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Make Your Own Bourbon Workshop at Dragon Distillery
Terry Sullivan

Make your own Bourbon workshopAfter learning to distill wine into brandy, I was quite interested in learning how to make bourbon. Dragon Distillery in Frederick, Maryland conducts bourbon making workshops. Kathy and I attended a workshop at the distillery and enjoyed the hands on workshop. You need to register and pay for the workshop in advance. Included in the fee is a liter barrel and one 750 ml bottle of moonshine that you take home and age in the barrel. The moonshine is made with 83% corn and 17% barley.

We assembled in the tasting room at Dragon Distillery on a cold December morning. Mark T. Lambert is the owner of the distillery and was our presenter during the workshop. Mark has quite a distilling past. His great grandfather and grandfather were moonshiners. Mark visited distilleries, took distilling classes and worked at a distillery prior to starting Dragon Distillery. After the eight of us in the group assembled, Mark led us into the production area. He gave a brief tour of the production areas and then we sat at tables while Mark began the slide presentation.

Make your own Bourbon workshopThe workshop agenda included:
Introduction and safety
Let’s jump right in and mash
Distillery terms
What is bourbon
How bourbon is made
Mashing details
Barrel seasoning
Adding malted barley

This was a one-day, three-hour workshop. Those who are interested can take a two-day or three-day workshop. In addition, the two-day workshop includes:
Boiler operation
Still operation

The three-day workshop also includes
Spirit filtration

Make your own Bourbon workshopMark talked to the group about Dragon Distillery and the importance of safety in the distillery. A few minutes after he started the presentation, we had our first hands on activity. We proceeded to a mash tank. Mark and his assistant demonstrated how to add yellow corn meal to the hot water already in the tank. While the corn meal was being added, a second person stirs the mixture with a whisk staying away from the propeller-like stirrer in the center of the tank. Then the group partnered up and had a chance to add corn meal and stir. We were instructed to add the meal slowly so that it would not clump. After this hands on task, we proceeded back to the presentation area.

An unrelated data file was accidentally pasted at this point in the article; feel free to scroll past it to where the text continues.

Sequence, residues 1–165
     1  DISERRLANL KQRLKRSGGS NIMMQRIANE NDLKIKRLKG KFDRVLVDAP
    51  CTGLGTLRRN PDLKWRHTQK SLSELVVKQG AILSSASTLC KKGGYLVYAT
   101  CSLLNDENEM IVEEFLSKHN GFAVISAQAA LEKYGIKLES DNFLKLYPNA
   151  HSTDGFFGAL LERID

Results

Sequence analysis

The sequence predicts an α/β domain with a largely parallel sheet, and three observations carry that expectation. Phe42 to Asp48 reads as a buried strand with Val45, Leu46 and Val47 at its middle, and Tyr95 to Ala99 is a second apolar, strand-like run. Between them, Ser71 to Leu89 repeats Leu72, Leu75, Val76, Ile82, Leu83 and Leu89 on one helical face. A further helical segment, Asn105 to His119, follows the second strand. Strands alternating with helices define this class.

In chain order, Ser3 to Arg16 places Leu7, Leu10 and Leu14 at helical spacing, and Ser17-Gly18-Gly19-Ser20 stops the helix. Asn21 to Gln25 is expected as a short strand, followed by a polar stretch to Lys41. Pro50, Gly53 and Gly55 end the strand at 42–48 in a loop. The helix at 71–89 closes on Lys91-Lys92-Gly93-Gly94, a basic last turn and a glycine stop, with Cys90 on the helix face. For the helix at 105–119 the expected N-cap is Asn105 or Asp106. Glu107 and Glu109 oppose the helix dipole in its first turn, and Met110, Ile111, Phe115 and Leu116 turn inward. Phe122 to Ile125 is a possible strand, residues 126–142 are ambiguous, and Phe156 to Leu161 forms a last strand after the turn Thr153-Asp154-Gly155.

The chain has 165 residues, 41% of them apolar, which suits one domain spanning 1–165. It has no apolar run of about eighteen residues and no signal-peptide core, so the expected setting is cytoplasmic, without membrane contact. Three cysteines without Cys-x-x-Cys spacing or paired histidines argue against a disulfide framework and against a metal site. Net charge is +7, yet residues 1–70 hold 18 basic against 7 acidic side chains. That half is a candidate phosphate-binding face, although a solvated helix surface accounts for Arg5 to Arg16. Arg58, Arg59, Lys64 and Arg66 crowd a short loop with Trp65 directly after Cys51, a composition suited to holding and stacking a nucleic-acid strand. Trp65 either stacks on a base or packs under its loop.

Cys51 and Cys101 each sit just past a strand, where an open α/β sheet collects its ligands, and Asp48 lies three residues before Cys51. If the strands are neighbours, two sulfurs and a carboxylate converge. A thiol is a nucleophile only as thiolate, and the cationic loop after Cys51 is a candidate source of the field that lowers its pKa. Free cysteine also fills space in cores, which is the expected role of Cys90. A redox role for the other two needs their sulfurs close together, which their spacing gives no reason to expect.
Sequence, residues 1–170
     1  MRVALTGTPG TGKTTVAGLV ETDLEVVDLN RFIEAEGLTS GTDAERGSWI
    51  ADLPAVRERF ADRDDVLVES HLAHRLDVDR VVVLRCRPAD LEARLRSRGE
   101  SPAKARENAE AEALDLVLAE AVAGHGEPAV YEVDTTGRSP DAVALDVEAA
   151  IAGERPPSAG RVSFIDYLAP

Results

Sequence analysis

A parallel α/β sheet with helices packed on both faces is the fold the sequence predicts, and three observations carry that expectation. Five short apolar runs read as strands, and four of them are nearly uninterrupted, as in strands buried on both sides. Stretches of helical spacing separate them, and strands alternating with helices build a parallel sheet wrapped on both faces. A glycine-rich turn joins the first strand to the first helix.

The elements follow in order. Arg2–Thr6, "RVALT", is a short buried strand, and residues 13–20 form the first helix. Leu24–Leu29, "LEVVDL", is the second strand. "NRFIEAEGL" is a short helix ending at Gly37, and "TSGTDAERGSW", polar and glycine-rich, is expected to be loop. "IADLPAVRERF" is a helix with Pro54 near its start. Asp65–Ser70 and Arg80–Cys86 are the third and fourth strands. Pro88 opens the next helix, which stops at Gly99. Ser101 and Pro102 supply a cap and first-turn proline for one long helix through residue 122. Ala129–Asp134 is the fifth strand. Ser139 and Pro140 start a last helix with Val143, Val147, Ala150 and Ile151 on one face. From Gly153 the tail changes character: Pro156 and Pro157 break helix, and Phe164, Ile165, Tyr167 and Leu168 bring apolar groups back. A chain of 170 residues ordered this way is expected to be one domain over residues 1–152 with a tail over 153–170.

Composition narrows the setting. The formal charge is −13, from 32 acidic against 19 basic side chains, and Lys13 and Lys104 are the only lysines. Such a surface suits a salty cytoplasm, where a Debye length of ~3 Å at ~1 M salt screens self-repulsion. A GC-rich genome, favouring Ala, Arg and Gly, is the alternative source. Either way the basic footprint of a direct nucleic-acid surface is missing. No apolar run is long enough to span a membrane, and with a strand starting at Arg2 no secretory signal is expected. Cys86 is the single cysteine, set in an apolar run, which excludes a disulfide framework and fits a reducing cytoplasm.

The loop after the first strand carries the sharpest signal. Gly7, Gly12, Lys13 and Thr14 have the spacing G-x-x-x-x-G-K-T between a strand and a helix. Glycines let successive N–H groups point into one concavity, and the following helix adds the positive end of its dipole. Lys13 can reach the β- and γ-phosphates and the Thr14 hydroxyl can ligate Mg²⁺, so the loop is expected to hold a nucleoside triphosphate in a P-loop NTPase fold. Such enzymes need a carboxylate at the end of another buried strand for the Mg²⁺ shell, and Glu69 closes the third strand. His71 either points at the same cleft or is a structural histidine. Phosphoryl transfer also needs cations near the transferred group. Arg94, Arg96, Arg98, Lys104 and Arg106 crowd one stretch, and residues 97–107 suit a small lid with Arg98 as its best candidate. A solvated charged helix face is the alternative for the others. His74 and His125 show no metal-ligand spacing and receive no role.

Mark discussed common distillery terms. He then did an overview of fermentation, distillation, filtration, proofing, aging and bottling. During this section, we walked over to the still where Mark gave detailed information about the distilling process. He talked about the boiler and the parts of the still. He mentioned the different alcohols that evaporate at different temperatures. He also mentioned the different chambers of the columns and the pots.

Make your own Bourbon workshopAfter the still presentation, we took our barrels to Mark and he poured very hot water into them from a hose. He explained that the hot water would cause the wood to expand and seal the barrel. It would take about one hour for the wood in the small barrels to expand and seal. Mark offered the group an opportunity to fill the barrels even though the water was very hot. We all let Mark do it.

Make your own Bourbon workshopBack at our instructional area, Mark delved into the importance of mashing. We learned many details about this stage including gelatinization, liquefaction and saccharification. At this point we returned to the mash tank where a couple of people added liquid malted barley to the mash mixture. After observing the mash tank, we observed two other tanks. One tank had the solid residue left over after fermentation and the fermented liquid substance was transferred to the still. The other tank had mash just near the end of fermenting stage.

Our next learning slides covered an overview of filtration, proofing and the TTB. Mark talked a bit about the barrels and retrieved a couple samples from barrels for us to taste. The Rye Whiskey, made in collaboration with Flying Dog Brewery, was at barrel strength,125 proof (62.5% alcohol). The Fear of the Dragon was also a barrel strength spirit at 125 proof. The spirit was made from pumpkin beer. Prior to bottling, both spirits will be cut to around 90 proof. Mark also adds flavors to some of the spirits by immersing a nylon bag filled with peppermint, or other flavoring items into the tanks.

We then tasted several Dragon distillery products including, rum, vodka, moonshine and a gin. In the tasting room, visitors can purchase a variety of spirits for their enjoyment at home.

No prior distilling knowledge is required to take the workshop. It is appropriate for any distilled spirits enthusiasts who may want to know a bit more about how to make distilled products. Mark had a nice mixture of presentation and activities. We enjoyed his presentation.

Dragon Distillery, LLC
1341 Hughes Ford Rd
Suite 108
Frederick, Maryland 21701

GPS: N39º 24.967’ W77º 22.874’



Article written December 2016

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Copyright: Terry and Kathy Sullivan 2016